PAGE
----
Illinois coach Brad Underwood gained a new appreciation for Michigan’s season recently when he saw Baylor struggle a bit after a lengthy layoff.
Michigan, of course, had a similar stretch without a game earlier this season, and the Wolverines barely missed a beat.
“It’s very, very, very, very impressive — and I don’t think I put that in perspective until the other night when I watched Baylor in the Kansas game,” Underwood said. “Michigan’s been great, and I think it shows their commitment and their veteran leadership.”
The second-ranked Wolverines host fourth-ranked Illinois on Tuesday night in the next marquee matchup of this Big Ten season. The conference had three teams in the top five and four in the top seven in Monday’s AP Top 25 poll, and now it’s finally time for Michigan and Illinois — the top two teams in the standings — to meet.
They were supposed to play Feb. 11, but the Michigan athletic department began a coronavirus-related pause during the latter half of January, and the Wolverines missed five games.
Since that break, Michigan is 5-0, including a win over then-No. 4 Ohio State and a 22-point blowout against an Iowa team that is now No. 5.
The Wolverines (18-1, 13-1) are making up two of the games they missed, so they’re in the middle of a stretch of five games in 11 days to close the regular season.
“I’m trying to do the best I can as far as preserving their energy, with all this quick turnaround, and not wearing them down in practice,” Michigan coach Juwan Howard said. “I’ve been impressed in how they’ve responded.”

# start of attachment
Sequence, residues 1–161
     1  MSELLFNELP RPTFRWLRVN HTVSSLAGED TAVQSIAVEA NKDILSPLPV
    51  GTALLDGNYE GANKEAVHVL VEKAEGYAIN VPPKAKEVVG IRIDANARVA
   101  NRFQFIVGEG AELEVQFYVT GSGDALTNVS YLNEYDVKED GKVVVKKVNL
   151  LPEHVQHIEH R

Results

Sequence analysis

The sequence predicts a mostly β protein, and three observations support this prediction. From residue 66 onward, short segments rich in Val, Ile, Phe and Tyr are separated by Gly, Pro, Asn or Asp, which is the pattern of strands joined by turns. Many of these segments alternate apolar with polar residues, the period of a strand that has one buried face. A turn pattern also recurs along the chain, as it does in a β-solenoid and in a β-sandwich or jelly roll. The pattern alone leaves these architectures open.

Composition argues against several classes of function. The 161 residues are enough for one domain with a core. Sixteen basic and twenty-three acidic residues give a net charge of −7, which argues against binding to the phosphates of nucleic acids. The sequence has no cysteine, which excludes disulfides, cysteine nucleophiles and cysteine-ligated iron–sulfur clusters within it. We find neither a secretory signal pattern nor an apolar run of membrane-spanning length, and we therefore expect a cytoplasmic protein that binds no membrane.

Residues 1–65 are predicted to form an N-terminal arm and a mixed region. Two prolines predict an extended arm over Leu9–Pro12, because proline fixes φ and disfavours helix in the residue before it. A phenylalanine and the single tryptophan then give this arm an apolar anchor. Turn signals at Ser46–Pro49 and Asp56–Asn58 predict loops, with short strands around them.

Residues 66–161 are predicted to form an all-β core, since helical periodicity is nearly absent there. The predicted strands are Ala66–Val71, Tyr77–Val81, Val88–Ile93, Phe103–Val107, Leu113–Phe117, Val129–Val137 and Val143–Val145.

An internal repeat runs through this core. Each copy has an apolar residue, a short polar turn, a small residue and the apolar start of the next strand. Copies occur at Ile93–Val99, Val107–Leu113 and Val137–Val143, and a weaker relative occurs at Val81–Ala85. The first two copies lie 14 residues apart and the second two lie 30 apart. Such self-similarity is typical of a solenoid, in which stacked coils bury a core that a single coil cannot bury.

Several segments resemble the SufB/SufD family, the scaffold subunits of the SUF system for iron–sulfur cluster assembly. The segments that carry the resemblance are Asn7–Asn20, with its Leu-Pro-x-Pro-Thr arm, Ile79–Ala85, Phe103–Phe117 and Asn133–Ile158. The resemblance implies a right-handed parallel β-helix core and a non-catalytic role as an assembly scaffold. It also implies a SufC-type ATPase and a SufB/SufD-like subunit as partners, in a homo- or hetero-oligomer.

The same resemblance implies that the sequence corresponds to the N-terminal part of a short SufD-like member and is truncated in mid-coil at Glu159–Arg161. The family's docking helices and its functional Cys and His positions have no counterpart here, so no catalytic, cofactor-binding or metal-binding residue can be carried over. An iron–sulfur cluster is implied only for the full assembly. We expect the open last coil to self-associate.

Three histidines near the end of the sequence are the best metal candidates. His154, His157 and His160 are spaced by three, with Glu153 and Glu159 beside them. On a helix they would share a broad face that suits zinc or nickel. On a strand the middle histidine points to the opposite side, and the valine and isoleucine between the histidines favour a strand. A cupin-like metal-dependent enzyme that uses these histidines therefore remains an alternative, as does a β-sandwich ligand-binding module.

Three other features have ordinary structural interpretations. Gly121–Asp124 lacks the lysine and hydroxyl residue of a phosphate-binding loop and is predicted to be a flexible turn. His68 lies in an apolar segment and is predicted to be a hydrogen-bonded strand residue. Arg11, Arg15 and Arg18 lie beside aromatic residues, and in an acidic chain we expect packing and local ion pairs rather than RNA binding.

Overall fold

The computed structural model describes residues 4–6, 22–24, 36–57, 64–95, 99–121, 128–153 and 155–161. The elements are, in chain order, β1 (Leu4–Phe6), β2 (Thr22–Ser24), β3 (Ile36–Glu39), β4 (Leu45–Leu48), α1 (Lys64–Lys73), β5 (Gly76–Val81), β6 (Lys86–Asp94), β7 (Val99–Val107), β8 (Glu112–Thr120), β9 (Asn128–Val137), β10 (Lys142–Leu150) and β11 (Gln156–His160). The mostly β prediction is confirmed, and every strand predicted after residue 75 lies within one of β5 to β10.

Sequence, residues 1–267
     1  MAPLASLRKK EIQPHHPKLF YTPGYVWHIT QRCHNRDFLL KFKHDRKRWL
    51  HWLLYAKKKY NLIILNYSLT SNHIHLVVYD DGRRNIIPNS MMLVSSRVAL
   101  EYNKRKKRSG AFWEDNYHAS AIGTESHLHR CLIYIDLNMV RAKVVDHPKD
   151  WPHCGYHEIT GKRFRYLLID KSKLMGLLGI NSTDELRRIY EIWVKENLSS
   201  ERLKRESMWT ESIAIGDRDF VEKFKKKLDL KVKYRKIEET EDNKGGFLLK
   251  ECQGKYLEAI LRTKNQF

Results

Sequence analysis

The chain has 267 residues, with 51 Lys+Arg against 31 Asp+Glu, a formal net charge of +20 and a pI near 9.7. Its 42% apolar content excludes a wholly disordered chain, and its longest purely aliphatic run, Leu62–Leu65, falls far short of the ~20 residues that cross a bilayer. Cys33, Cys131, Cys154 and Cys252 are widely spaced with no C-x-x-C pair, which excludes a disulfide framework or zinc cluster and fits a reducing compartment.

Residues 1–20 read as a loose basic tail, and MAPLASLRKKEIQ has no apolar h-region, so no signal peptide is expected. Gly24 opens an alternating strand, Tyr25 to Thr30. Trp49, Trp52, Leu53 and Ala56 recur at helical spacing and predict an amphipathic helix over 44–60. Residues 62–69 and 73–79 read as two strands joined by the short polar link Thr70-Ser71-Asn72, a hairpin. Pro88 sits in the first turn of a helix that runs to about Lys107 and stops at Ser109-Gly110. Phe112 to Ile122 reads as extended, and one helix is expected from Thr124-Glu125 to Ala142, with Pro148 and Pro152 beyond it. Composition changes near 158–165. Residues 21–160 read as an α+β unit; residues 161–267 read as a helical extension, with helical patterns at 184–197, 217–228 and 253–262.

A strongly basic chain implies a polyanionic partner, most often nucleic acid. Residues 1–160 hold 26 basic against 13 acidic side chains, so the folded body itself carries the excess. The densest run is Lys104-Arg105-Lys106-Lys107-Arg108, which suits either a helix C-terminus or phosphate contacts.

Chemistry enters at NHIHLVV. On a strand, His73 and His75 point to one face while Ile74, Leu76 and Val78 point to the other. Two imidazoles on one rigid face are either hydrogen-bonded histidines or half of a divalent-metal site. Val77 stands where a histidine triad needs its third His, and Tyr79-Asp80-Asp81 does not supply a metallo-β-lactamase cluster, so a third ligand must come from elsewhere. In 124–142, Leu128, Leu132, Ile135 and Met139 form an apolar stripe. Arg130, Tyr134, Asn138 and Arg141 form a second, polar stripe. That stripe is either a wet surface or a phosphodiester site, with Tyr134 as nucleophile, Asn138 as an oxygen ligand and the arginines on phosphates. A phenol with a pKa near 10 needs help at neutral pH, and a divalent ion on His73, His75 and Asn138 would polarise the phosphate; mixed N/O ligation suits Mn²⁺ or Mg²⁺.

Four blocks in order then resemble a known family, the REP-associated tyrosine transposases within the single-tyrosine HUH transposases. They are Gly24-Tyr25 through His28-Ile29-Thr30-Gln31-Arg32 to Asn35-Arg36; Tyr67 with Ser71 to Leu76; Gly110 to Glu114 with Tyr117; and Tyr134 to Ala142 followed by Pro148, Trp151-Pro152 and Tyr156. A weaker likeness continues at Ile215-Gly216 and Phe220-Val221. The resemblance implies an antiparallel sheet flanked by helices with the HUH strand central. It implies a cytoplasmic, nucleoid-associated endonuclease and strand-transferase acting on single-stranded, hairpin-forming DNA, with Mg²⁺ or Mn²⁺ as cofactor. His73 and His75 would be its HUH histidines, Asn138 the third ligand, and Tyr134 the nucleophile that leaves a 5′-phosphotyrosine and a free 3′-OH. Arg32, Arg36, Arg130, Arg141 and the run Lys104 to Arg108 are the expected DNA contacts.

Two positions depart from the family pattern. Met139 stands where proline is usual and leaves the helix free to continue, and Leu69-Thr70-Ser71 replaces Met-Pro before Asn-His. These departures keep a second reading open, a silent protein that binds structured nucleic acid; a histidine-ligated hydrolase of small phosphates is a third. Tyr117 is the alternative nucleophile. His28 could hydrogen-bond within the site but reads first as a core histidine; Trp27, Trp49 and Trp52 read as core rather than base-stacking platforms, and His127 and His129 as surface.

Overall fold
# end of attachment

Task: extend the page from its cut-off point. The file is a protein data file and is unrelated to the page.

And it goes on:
After routing Iowa on Thursday night, Michigan had to return for an afternoon game at Indiana on Saturday. The Wolverines won that one by 16.
“We’ve got to now focus on the recovery,” forward Isaiah Livers said. “Guys still got to get their homework done, focus on their scout and film. It’s kind of less physical, hands-on stuff.”
Michigan is now scheduled to play 17 Big Ten games during the regular season. Illinois (18-6, 14-4) is on track to play the full 20. If the league uses winning percentage in conference games to determine the regular-season championship, Michigan would clinch that with a victory in any of its final three games, assuming no more makeup games are added.
But there’s been no definitive announcement from the Big Ten on whether that is indeed the process, and the league hasn’t responded to requests for clarity from The Associated Press. Underwood acknowledged Monday that Michigan is “in a really good position” to be the top seed in the conference tournament, but even he didn’t seem totally certain about whether winning percentage would determine that seeding.
“I don’t know that exactly,” Underwood said. “We met as a head coaches group a couple of weeks ago just to discuss the move, but to get into specifics … it’s going to take somebody a lot smarter than me to figure that out and understand what that formula’s going to be.”
Tuesday will be the fourth game in eight days for Illinois. After winning at Wisconsin on Saturday, Underwood said of the grueling schedule: “We’re going to honor those games, and we’re not going to be the teams that pick and choose what we play.”
Asked Monday if that was directed at Michigan, he said no.
“There’s nothing to it. It’s a league that’s not playing 20 games, and that’s all there is out there,” Underwood said. “I’ve got all the respect in the world — they’ve won all their games but one that’s been presented to them. I think it’s just a very unusual year.”
Underwood said Illinois star Ayo Dosunmu is day to day. He’s missed the past two games after breaking his nose in a loss at Michigan State last Tuesday.
If he’s out of the lineup, a tough task against Michigan figures to become even harder.
“It’s definitely going to be a great challenge for everybody,” Illinois guard Andre Curbelo said. “That game is definitely going to be a statement game, and we just have to go into Michigan with a killer mentality like we’ve been having the past few games.”